Organising Minerals

Published: 26 May 2020

Our collections team have been sorting through hundreds of minerals from the collection and have stumbled across these striking specimens.

Siliceous sinter

(also known as geyserite or fiorite) is formed around hot springs and geysers. The deposits build up over time from the splashes of water and can become large structures like geyser cones or terraces. The water in these springs are enriched with biogenic silica (also called opaline silica and amorphous silica) from algae and other vegetation and it’s this silica which is left behind after the water has evaporated away.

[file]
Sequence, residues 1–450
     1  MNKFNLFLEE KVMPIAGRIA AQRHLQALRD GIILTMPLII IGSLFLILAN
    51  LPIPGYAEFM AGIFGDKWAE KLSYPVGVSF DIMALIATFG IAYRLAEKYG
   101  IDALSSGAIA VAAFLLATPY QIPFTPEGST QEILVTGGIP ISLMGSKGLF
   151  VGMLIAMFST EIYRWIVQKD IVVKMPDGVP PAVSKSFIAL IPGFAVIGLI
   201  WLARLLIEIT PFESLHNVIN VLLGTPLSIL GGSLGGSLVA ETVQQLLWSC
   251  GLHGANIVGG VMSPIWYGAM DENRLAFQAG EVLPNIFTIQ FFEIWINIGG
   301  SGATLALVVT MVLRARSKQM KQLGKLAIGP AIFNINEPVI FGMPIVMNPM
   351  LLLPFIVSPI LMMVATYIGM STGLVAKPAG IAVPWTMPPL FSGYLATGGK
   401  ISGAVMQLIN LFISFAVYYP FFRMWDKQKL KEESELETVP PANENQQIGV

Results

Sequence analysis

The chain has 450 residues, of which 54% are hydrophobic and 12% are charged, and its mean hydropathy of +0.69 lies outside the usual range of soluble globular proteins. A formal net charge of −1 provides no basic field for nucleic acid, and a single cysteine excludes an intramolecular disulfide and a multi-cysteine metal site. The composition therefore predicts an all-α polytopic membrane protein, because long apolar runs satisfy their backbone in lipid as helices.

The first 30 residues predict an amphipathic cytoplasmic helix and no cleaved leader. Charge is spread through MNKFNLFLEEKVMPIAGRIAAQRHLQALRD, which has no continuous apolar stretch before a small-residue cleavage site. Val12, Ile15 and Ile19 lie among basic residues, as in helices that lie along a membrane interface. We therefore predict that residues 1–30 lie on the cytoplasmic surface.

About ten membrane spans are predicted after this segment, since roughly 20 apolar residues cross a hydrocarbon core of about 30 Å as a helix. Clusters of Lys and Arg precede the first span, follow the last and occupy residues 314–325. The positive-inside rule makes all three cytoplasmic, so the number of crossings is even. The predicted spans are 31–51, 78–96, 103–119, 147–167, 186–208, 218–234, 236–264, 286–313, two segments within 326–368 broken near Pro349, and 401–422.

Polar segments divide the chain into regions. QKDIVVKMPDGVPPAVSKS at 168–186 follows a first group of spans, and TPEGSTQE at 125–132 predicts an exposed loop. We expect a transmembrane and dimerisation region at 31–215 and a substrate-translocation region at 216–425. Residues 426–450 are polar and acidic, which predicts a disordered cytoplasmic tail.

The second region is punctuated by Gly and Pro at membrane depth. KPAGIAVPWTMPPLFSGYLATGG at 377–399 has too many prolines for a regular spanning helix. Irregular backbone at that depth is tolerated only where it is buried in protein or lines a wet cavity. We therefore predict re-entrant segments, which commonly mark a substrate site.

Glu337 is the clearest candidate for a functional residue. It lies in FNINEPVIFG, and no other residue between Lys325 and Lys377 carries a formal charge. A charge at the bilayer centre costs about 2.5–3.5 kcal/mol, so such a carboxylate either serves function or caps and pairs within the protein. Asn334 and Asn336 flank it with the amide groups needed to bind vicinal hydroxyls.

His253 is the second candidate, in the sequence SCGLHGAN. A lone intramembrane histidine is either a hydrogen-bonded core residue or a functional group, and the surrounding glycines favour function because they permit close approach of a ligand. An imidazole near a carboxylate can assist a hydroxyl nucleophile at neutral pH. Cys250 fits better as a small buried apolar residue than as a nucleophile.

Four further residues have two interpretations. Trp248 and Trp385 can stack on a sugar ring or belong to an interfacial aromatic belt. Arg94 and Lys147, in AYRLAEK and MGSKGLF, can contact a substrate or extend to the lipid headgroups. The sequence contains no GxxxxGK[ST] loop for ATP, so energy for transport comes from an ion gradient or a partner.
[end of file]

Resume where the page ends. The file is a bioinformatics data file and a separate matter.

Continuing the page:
(also called fluorspar) is the mineral form of calcium fluoride. The minerals are often brightly coloured due to impurities, but this specimen remained relatively clear as it formed. It usually crystallizes in an isometric cube shape (seen here), although octahedral and more complex isometric forms are also seen regularly. It is used in industry in steel and aluminium production, and in the making of opalescent glass, enamel and cooking utensils.

To see more of our mineral collection please visit Leicester Museum & Art Gallery where you'll find many more examples on display.